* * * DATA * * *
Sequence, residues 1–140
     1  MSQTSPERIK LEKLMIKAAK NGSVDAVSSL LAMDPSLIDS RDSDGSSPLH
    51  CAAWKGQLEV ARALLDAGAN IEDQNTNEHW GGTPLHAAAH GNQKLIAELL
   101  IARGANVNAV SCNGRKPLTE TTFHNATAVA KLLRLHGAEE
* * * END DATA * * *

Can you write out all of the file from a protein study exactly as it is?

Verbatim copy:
Sequence, residues 1–140
     1  MSQTSPERIK LEKLMIKAAK NGSVDAVSSL LAMDPSLIDS RDSDGSSPLH
    51  CAAWKGQLEV ARALLDAGAN IEDQNTNEHW GGTPLHAAAH GNQKLIAELL
   101  IARGANVNAV SCNGRKPLTE TTFHNATAVA KLLRLHGAEE